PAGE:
And we need to finally stop thinking of these communities as incredibly risky, particularly in the electricity sector. We have data showing that people pay their electricity bills, and while these households don't always have a relationship to bankers and lenders because of historical patterns and redlining, every single family has a relationship to the meter. And so, we need to be thinking creatively about using the meter as a pathway for creative financing.

Liz Doris: Yeah, I think all of these very tactical things—and then, we have to figure out how to roll them up into actually—so that they have a national impact as well as an individual and community impact. And that actually gets me to what I think—because the chat's blowing up—what I think is going to be my last question, which is sort of about what are your next steps? What are the things that you're really focused on in the immediate future in your role to try to help push some of those things forward?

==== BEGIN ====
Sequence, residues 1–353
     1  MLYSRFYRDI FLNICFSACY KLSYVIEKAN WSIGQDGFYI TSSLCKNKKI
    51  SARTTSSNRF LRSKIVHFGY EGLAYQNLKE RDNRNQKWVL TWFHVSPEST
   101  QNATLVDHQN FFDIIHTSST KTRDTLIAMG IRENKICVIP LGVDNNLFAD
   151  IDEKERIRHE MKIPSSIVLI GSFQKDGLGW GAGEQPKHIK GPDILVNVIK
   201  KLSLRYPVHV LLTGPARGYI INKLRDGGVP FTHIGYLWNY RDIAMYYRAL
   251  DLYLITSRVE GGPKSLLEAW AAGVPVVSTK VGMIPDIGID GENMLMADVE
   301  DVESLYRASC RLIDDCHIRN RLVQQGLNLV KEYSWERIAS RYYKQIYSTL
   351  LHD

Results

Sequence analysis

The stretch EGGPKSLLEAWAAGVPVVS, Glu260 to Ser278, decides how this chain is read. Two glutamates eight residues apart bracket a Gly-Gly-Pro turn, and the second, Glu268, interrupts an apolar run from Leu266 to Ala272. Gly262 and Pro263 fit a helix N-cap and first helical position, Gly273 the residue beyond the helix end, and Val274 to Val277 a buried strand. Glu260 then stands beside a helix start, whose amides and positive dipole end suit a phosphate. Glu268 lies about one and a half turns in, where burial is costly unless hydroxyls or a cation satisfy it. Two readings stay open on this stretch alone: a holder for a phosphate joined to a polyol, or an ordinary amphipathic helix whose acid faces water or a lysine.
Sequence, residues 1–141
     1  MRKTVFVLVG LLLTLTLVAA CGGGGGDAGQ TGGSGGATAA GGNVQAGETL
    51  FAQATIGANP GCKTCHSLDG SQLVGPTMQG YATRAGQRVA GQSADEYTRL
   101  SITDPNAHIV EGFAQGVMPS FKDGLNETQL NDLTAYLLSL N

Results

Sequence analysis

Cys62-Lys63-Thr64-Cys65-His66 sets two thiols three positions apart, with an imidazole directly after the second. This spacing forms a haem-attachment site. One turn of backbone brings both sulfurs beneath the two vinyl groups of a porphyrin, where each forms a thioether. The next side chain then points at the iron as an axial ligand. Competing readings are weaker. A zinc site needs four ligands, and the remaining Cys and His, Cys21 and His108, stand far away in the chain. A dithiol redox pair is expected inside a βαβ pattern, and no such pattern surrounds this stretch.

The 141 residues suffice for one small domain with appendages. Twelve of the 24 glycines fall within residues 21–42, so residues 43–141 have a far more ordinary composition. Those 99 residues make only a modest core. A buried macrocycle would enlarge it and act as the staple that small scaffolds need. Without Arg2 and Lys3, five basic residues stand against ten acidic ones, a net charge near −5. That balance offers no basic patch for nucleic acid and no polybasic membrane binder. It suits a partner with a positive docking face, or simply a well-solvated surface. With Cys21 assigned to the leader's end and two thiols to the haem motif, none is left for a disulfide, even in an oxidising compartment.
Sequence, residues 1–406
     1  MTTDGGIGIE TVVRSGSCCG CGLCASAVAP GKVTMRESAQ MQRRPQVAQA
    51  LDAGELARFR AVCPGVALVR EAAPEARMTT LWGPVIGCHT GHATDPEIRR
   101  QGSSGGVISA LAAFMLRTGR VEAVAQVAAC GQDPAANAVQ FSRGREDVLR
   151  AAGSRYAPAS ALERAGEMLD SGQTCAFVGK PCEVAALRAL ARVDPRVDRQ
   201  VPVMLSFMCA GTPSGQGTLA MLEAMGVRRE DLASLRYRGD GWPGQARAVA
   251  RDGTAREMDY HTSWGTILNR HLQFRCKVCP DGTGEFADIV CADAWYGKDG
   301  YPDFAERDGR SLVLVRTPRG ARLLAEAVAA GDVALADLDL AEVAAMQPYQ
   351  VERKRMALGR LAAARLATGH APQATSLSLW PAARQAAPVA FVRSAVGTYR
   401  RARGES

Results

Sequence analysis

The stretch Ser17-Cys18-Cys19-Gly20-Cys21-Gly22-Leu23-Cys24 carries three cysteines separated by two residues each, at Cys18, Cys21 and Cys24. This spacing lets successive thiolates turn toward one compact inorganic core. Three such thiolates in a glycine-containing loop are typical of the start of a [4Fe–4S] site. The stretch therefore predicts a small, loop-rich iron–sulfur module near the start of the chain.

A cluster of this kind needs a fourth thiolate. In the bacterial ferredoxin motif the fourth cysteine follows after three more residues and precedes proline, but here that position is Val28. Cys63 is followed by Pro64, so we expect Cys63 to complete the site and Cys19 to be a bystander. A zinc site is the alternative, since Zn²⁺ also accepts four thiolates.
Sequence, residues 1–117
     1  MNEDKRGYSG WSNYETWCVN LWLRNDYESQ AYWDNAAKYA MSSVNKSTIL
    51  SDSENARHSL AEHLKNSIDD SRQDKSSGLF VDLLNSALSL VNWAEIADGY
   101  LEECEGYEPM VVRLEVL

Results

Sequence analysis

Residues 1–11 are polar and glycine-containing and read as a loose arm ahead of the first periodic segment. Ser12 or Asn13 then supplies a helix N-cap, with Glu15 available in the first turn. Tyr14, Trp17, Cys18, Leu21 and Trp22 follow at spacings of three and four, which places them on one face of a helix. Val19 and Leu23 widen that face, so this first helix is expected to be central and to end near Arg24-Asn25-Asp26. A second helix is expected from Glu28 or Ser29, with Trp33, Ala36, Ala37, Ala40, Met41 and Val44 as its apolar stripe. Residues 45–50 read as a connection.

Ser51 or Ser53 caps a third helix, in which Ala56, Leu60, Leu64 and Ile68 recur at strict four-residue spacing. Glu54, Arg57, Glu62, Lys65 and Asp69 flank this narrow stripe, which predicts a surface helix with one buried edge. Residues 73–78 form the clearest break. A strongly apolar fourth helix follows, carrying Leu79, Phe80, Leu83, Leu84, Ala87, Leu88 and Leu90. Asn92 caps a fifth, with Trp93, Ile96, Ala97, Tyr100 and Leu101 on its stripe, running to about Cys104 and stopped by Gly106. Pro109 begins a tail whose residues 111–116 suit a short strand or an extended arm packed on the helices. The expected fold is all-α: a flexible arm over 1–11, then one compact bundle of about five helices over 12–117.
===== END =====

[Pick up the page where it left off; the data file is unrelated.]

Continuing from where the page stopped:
Shalanda Baker: Yeah. So, just, again, I'm the Deputy Director for Energy Justice. I was recruited into this administration to really drive the Justice40 Initiative. And Justice40, for those of you who don't follow every executive order that has been issued, Justice40 appears in Executive Order 14008, in Section 223. And Executive Order 14008 is the "tackling the climate crisis at home and abroad" order, and that provision makes the promise to the country that 40% of the overall benefits of certain federal investments have to go to disadvantaged communities. And those federal investments include investments in clean energy, energy efficiency, transportation, workforce development, remediation of legacy harm, water infrastructure. And the president has made this promise.